Bedenbaugh is living out his passion as a utility forester in Montana 

The quote on his Instagram profile says it all: “The mountains are calling and I must go…” It’s a quote from the American naturalist John Muir. And Harrison Bedenbaugh ’22 has taken every opportunity to go to the mountains — during college, in the summers, and now to live and work in Helena, Montana, as a utility forester.

At Clemson, he double majored in forest resource management and wildlife and fisheries biology. Ask him which is his favorite, and he’ll decline to choose. “They’re both equal,” he says. 

And his life reflects that. As a student, he got involved with Clemson’s Fire Tigers, one of the nation’s only extracurricular wildland firefighting programs in higher education. They’re led by Helen Mohr ’97, M ’02, who says Bedenbaugh was one of the most engaged group members. 

“His first prescribed fire, he came up the fire line exhausted from a very busy day, and in an exasperated voice said, ‘Does anyone have a boot lace?’ The fire had burned right through his laces on his new fire boots that day,” she says. “He is well-loved by all the Forest Service folks.”

If he wasn’t in class, his dad, Todd Bedenbaugh ’87, says, “he was in the mountains hiking, hunting, fishing, living off the land, making homemade bows and arrows, arrowheads, making his own skinning knife out of deer antlers and flint, and just exploring nature.”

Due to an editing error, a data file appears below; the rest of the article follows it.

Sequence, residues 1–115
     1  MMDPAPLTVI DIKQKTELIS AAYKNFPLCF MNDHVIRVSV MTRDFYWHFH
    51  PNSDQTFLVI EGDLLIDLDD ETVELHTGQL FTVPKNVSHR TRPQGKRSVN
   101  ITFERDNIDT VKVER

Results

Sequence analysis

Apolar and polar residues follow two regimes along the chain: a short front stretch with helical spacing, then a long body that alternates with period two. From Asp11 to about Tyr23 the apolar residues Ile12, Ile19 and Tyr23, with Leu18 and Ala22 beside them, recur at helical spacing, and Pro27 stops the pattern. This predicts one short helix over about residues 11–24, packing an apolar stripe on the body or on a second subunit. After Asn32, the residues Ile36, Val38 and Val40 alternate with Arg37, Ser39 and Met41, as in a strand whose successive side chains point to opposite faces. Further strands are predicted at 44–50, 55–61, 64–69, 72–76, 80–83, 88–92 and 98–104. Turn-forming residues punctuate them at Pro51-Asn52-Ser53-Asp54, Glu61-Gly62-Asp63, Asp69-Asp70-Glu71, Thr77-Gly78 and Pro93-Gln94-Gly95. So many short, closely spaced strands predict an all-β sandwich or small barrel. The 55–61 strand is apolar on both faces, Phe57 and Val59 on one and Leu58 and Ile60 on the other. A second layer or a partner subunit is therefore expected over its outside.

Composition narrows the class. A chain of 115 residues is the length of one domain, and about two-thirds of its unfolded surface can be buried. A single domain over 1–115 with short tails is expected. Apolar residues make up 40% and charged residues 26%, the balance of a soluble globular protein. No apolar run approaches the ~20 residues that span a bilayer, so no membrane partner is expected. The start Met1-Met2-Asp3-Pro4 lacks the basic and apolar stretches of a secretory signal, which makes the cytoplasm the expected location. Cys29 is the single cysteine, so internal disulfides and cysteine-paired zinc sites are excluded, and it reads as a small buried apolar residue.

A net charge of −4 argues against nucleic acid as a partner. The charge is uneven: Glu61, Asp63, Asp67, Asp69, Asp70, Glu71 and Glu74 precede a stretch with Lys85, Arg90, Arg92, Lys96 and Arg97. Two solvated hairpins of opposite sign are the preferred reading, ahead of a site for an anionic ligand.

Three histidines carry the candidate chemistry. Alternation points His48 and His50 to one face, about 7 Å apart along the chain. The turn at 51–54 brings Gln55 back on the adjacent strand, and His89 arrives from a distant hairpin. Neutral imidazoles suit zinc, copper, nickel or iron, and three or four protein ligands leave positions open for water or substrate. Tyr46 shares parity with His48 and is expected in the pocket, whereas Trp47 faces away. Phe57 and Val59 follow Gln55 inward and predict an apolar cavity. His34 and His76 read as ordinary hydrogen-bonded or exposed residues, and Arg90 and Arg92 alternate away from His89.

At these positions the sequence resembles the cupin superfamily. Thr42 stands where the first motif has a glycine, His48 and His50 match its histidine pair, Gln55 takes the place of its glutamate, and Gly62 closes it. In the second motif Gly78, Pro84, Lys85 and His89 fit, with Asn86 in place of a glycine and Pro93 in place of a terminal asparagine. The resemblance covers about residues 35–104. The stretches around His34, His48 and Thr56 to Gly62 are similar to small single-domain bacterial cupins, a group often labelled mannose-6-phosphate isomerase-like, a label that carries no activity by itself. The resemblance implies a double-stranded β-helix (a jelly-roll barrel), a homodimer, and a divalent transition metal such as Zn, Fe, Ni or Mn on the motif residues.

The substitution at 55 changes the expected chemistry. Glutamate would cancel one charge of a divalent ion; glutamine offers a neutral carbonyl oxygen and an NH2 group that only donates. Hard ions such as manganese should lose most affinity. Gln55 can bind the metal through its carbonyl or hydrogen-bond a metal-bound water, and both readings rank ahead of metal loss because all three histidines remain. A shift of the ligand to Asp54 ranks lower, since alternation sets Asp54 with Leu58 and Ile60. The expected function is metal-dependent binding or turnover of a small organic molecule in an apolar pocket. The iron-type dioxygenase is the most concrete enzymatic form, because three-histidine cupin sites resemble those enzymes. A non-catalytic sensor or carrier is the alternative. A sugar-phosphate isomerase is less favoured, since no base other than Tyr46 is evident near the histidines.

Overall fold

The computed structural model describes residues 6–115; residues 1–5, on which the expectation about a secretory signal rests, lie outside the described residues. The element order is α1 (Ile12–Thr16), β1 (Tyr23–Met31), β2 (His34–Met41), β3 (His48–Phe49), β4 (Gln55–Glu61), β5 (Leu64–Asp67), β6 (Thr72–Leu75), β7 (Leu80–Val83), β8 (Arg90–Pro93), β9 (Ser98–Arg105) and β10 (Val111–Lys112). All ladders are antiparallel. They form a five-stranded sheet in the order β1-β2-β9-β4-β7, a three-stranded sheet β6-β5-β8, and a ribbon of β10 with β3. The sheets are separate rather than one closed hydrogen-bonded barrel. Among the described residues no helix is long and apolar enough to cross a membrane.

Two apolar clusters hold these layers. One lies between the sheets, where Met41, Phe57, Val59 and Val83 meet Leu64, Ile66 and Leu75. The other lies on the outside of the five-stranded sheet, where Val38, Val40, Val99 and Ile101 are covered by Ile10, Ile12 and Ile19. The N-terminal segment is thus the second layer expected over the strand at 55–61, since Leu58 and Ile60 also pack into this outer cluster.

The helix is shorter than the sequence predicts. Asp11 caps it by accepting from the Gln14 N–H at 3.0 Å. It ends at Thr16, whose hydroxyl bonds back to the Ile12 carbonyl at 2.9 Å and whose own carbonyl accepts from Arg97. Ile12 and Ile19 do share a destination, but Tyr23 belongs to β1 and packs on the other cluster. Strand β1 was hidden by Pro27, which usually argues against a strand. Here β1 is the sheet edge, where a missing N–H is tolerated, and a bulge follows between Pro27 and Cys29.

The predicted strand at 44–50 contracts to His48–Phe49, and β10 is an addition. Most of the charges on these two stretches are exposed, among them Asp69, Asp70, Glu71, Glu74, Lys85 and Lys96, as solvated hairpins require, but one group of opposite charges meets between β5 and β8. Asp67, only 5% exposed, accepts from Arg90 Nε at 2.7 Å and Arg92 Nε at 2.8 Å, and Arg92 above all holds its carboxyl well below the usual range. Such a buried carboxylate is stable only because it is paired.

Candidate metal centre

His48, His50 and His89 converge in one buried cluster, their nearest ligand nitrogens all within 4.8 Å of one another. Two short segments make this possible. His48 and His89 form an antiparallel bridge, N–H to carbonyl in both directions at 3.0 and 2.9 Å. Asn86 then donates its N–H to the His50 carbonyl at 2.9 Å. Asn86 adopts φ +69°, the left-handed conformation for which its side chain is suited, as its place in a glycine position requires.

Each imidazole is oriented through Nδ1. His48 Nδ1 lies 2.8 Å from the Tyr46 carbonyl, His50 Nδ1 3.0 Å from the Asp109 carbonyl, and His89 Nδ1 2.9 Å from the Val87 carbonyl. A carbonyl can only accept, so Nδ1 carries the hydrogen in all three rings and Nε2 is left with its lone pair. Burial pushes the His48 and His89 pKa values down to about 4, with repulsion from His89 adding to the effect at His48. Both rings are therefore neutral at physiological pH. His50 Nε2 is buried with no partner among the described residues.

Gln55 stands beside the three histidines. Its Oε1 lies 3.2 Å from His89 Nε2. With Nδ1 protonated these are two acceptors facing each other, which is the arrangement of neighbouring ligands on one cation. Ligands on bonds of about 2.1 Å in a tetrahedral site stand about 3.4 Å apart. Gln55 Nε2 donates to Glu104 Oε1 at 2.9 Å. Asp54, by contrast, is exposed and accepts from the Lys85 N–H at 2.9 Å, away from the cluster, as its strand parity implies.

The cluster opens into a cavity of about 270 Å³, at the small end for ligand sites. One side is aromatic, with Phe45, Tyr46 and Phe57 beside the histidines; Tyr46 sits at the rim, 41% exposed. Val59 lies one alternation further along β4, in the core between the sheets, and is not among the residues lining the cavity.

During COVID-19, Bedenbaugh spent his days in the mountains; when it was time for class, he would pull out his phone and participate on Zoom before returning to scouting and hunting. “A lot of things we talked about in class, I could see when I was hunting,” he says. 

He says he was lucky enough to get a big buck during that time. “When I got that deer — in an area where people don’t often have that kind of luck, I wept like a baby. I felt like if I could do that, I could do anything.”

The summer before his senior year, Bedenbaugh had run into trailblazers in Table Rock State Park, inspiring him to pursue a job trailblazing in Plains, Montana. He spent the summer cutting trees, breaking them up, clearing trails. And his experience with the Fire Tigers paid off when he was asked to join the efforts fighting wildfires for nine days.

“I got to go out on some big fires and met a lot of firefighters,” he says. “I hung out with some smoke jumpers, including a rookie and a guy in his 50s — that man could walk up and down mountains. These guys are the most elite of firefighters.”

Bedenbaugh came home to finish his last year of school. After graduating and spending a brief stint in Asheville, North Carolina, he realized he couldn’t stay away from Montana. As a utility forester, he walks along power lines and assesses trees — what needs to be trimmed, what needs to be removed. He started in October of 2022. 

“I was post-holing in snow all through the winter,” he remembers. “But it was adventurous. It makes you tough.”

Looking back, he credits Clemson for awakening his passions, particularly research with Professor Donald Hagan and a Creative Inquiry about trapping with Professor Webb Smathers.

“I learned a lot about myself at Clemson,” Bedenbaugh says. “I found a passion of mine, and I’ve been very happy with it ever since.”

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